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Old 07-24-2013   #11
Boy Howdy!
pinemnky13's Avatar
Colotucky, USA
Paddling Since: 2006
Join Date: Jun 2007
Posts: 1,054
Originally Posted by David Miller View Post
I once saw them at Down River. They probably still carry them.
Nrs and cascade online

Who's your monkey?
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Old 07-24-2013   #12
zbaird's Avatar
Paddling Since: 1994
Join Date: Oct 2003
Posts: 884
DRE carries the leafield pressure gauge.

As noted, the amount of pressure to explode a seam varies so much. Construction, temperature, material, age, exposure, care, the list goes on and on. If the boat is drum tight and left in the sun it can certainly exceed its limits, whatever they may be.

2.5-3.5 pounds is usually a good number for most standard sized rafts to run at. The amount of pressure needed to make a tube hard is related to its diameter. The bigger the tube, the less pressure it needs to be hard. A good way to see this is on a cat tube. Next time you see a cat on the water, if you dont own one, push on the tube close to the tip and then push on it where the tube is fat. You will find that the tube will be much harder in the middle where the tube is big and very squeezable at the ends even though the whole tube is under the same pressure. On the water, i always use the palm test that I have used since i was a kid. I want the boat to give a little when i push my palm into it at the fat part of the tube or i dont feel comfortable. I am certain that todays boats and materials will take much higher pressure than the boats I grew up with, but i'm not ready to let go of the palm test. Pumping a boat to 4.8 lbs would scare the hell out of me if it was my boat. Obviously, it has worked fine for Carroth but i certainly wouldn't recommend it. I did look at a Saturn i had in the shop today and it said max pressure 5.8 lbs. Keep in mind I am doing seam work on that saturn. I pump my boats up according to the palm test in the morning and rarely bleed air out during the day. I have a pressure gauge at the shop but it rarely gets used. Bottom line is, if the thing is drum tight in the morning and it sun bakes all day, especially on land, don't be surprised if you burst a seam. If you pump it drum tight in Denver and drive over Vail pass, don't be surprised if you burst a seam. I think that most rafts are very forgiving but common sense goes a long way. If you want to run it tighter than the palm test, run it just where it wont take a palm anymore, stop pumping and you should be fine. I have sat on rafts that just feel hard on my ass. If a rubber raft feels like you are sitting on a board, it might be a little tight. By all means, test until your hearts content, pump away until you are blue in the face and then click on my signature below to set up an appt.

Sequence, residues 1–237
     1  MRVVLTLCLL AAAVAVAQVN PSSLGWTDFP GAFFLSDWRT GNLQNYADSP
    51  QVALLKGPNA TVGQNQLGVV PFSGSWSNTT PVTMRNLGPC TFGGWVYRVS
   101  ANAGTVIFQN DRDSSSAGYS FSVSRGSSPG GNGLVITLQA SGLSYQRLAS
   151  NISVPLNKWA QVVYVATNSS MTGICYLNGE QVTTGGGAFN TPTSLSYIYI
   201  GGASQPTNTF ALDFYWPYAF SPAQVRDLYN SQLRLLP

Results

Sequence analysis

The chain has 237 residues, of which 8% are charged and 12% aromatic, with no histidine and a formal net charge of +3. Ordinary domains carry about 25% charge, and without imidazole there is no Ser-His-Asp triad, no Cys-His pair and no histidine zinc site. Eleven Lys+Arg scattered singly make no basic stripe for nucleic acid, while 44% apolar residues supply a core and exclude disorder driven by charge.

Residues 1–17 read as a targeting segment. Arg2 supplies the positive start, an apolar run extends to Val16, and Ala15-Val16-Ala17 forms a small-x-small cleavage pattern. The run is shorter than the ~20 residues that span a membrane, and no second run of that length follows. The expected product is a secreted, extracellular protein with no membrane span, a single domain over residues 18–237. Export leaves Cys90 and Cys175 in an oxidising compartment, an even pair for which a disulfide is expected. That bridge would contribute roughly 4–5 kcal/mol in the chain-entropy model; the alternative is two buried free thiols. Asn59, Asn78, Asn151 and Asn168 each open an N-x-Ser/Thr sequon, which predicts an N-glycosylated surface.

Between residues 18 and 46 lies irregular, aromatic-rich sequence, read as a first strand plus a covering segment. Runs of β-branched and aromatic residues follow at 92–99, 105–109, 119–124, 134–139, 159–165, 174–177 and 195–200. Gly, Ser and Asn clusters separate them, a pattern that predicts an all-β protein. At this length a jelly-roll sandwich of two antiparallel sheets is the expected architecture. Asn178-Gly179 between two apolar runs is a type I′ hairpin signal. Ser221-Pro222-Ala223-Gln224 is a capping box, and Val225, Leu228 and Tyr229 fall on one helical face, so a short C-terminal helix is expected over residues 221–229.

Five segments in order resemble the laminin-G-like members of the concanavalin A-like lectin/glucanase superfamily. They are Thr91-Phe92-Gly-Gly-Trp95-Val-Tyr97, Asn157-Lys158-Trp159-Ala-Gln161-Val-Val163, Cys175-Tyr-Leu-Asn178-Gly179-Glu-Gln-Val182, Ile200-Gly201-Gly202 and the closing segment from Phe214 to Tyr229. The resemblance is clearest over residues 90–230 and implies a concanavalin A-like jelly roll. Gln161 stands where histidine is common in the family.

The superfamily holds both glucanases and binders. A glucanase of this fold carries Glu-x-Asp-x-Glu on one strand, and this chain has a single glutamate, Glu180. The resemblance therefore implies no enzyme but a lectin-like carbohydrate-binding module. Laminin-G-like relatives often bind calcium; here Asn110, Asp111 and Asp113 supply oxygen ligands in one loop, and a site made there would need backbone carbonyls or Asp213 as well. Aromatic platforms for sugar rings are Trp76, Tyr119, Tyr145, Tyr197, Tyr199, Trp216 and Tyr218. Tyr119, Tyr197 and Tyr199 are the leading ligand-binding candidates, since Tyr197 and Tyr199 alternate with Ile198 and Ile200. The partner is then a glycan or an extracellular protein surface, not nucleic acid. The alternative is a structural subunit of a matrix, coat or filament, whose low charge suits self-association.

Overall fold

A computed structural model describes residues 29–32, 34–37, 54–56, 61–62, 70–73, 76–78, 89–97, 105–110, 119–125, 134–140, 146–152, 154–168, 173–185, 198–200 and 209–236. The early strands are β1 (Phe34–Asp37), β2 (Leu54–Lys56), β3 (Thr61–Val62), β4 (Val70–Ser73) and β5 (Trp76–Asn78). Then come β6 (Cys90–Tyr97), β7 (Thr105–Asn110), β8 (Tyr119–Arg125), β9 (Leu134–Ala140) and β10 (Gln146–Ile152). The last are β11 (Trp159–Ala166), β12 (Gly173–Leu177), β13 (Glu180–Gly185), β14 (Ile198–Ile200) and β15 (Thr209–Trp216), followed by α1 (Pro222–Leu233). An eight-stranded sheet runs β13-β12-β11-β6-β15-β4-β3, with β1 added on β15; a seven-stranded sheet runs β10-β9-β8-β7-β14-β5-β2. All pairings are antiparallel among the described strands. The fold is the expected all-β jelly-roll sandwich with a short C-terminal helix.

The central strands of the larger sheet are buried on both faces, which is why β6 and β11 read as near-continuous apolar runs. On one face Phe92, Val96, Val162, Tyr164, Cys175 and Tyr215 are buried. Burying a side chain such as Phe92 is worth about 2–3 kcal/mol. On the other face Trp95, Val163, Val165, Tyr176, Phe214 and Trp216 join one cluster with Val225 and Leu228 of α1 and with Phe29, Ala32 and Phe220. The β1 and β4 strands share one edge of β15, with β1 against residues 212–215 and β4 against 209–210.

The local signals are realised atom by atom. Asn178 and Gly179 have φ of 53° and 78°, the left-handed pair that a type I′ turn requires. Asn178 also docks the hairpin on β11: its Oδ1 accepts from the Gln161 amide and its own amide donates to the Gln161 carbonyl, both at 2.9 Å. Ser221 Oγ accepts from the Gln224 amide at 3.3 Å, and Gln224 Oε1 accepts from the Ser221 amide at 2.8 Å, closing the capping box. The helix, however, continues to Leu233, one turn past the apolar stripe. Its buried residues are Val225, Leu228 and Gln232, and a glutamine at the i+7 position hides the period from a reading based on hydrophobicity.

zach baird
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Old 07-25-2013   #13
2kanzam's Avatar
Charleston, West Virginny
Paddling Since: 1996
Join Date: Aug 2012
Posts: 461
Yeah a difficult question to answer.

My 30 yo hyside (Hypalon) gets pumped to about 2psi. With it's age I'm scared to pump it up anymore than that. It makes it give just a little bit for a hypalon boat...and leaves a little room for the sun to heat it up.

My Revolution (Urethane) also gets about 2psi but it is ROCK HARD at that pressure. I like it but it took getting a pressure gauge to realize that I wasn't pumping it up all the way when I first got the boat. At 1psi it feels as squishy as the Hyside does at 2.5psi.

My Sea Eagle ducky (PVC) is about 4psi I think and that makes it super stiff (not like revo tho). I believe it gets about 7 psi in the drop stich floor.

My cheap chinese bucket boat (pvc) gets enough to float-probably 1.5-2psi, but it has a slow leak I just can't fix (or don't care to put the effort into fixing)

Eitherway I am super anal about bleeding air off the tubes when it gets hot and topping them off when it cools along the way.

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